AT&T's Fixed Wireless Service Goes Nationwide

Voice/Data Combo Leans On LTE & New ‘Home Base’ Device
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Following trials in select Northeast markets last year, AT&T said it has moved ahead with the national launch of AT&T Wireless Home Phone and Internet, a service that leans on the telco’s 4G LTE network, and allows customers to hook up as many as 10 WiFi-capable devices.

The service, viewed partly as a rural play, uses a Home Base device (pictured above) that enables customers to complete calls on their existing home phones over AT&T’s wireless network (rather than via a landline connection. The wireless broadband service also taps into that cellular network, including speedier LTE connections, if they’re available in the market.

But there are some caveats, particularly around capped data consumption. AsDSL Reports points out, AT&T’s fixed LTE service runs $60 a month with a 10 Gigabyte cap, $90 per month for 20 GB, or $120 for 30 GB. Once that cap is exceeded, AT&T charges $15 per 1 GB of data. The voice component of AT&T Wireless Home Phone and Internet runs $20 per month, and includes caller ID, three-way calling, call forwarding and voice mail. AT&T is also offering the $199 Home Base device for free to customers who sign a two-year contract.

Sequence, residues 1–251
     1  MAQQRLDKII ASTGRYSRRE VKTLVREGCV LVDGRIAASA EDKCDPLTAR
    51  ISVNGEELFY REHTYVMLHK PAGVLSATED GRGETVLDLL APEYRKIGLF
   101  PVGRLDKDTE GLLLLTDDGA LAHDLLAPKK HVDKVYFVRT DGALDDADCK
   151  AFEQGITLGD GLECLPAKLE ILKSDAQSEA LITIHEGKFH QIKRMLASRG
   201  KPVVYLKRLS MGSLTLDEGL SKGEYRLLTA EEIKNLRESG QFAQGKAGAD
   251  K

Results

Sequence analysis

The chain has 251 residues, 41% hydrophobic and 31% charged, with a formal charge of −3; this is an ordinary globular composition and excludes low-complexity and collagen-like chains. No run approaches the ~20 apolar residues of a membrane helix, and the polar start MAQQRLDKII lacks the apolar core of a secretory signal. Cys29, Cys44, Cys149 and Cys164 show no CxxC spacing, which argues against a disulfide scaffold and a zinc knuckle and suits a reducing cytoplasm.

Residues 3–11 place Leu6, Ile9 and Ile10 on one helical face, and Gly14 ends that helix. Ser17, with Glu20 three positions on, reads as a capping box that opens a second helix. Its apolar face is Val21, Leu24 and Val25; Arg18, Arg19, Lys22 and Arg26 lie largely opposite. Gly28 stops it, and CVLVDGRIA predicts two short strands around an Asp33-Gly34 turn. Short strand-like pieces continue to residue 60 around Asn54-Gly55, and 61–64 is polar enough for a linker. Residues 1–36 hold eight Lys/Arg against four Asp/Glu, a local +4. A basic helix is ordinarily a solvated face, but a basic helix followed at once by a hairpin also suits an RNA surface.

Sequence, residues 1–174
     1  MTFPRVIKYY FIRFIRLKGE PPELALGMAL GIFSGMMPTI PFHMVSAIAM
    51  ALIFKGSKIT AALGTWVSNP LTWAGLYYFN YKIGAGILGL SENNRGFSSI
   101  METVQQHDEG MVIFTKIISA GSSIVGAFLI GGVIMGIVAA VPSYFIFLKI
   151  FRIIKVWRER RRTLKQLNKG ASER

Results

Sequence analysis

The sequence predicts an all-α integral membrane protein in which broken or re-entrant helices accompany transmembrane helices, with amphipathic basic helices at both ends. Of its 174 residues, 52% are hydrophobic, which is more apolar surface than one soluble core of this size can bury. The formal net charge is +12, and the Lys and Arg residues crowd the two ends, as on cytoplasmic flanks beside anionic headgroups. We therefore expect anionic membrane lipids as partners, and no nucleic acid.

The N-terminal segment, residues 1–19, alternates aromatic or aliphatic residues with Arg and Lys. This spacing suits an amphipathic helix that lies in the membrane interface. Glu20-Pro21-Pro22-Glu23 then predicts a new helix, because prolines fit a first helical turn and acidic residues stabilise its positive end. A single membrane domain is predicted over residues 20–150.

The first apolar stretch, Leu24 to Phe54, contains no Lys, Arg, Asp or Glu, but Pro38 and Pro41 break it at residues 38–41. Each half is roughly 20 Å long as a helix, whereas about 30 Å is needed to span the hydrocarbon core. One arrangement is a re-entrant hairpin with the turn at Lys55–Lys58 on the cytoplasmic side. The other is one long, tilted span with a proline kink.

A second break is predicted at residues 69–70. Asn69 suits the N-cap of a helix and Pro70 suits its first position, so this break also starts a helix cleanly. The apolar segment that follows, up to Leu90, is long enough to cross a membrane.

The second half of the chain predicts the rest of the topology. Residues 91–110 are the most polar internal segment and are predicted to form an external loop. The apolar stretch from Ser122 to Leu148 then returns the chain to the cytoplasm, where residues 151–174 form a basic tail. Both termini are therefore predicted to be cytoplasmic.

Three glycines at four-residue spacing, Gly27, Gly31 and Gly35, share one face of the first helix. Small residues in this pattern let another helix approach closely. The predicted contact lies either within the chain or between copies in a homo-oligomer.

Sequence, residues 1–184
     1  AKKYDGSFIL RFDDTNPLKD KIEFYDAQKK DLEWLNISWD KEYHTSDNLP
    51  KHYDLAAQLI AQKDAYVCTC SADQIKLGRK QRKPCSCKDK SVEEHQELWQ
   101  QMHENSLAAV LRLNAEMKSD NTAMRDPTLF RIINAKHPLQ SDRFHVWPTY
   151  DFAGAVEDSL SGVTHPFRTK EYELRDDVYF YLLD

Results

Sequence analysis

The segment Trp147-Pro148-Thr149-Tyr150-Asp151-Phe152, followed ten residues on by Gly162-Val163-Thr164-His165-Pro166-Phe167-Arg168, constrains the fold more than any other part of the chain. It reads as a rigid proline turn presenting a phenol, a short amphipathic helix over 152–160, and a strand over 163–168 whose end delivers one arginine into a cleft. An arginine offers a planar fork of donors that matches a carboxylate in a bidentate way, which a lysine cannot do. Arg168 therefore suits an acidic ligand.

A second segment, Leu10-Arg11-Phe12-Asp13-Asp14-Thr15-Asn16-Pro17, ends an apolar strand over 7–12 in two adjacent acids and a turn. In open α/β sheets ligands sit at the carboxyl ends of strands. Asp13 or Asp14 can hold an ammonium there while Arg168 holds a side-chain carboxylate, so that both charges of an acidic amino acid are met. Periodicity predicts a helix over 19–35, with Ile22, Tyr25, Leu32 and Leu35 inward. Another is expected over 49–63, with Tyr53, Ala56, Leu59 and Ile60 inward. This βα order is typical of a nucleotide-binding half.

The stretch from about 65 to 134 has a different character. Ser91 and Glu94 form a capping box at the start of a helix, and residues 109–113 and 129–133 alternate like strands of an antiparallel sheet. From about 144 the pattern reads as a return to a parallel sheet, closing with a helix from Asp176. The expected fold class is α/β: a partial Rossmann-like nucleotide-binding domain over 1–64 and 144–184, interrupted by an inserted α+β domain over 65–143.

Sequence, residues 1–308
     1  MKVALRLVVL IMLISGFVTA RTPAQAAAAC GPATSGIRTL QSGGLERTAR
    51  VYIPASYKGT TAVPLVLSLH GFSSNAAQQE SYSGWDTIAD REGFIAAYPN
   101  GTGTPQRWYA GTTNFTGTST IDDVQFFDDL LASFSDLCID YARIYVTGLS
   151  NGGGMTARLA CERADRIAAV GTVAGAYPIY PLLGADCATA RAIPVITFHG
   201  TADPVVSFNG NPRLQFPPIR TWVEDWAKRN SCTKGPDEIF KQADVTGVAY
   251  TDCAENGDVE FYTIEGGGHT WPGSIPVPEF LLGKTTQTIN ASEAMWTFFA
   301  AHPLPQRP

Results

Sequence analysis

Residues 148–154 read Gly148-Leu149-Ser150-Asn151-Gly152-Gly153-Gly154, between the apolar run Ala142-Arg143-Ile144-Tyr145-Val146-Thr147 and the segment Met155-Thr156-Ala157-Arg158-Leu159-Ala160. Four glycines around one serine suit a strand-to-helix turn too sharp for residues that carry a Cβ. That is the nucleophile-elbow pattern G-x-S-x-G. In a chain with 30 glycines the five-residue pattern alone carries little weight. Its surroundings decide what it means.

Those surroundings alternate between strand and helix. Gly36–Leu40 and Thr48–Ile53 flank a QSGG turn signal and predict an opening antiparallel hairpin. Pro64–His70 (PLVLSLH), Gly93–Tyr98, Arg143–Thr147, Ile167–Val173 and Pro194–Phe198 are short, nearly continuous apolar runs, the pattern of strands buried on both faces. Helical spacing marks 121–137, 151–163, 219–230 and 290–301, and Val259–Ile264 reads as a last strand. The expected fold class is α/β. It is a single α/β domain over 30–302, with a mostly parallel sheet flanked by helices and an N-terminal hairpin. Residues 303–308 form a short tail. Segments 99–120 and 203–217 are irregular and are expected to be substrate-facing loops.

AT&T notes that Wireless Home Phone & Internet subs can also add their device for $30 a month to a Mobile Share Value plan, so long as they pair that with a shared data plan of 10 GB or more.  

According to the service’s FAQ, AT&T Home Base will support download speeds of 5 Mbps to 12 Mbps “in most LTE covered areas,” but notes that speed will vary depending on factors such as the number of devices accessing the Home Base devices and if customers are using the Internet while on an active voice call.

The national launch of the Wireless Home Phone & Internet product comes amid AT&T’s proposed acquisition of DirecTV. Tied in, AT&T said it would commit to expand its plans to build and enhance high-speed Internet access to an additional 15 million customer locations, primarily in rural areas where it does not provide broadband service now, using a mix of fiber-to-the-premises and fixed wireless connections.  AT&T said it would make those improvements within four years after it successfully sealed the deal.

AT&T, however, has not broken out the technology mix for this planned expansion. “Absent any of this information, it is impossible to say with precision what the competitive impact of AT&Ts plans will be for other broadband providers,” Craig Moffett, MoffettNathanson Research partner and senior analyst, said in a research note this week. “Product enhancements for end users in these areas should be modest,” he surmised.

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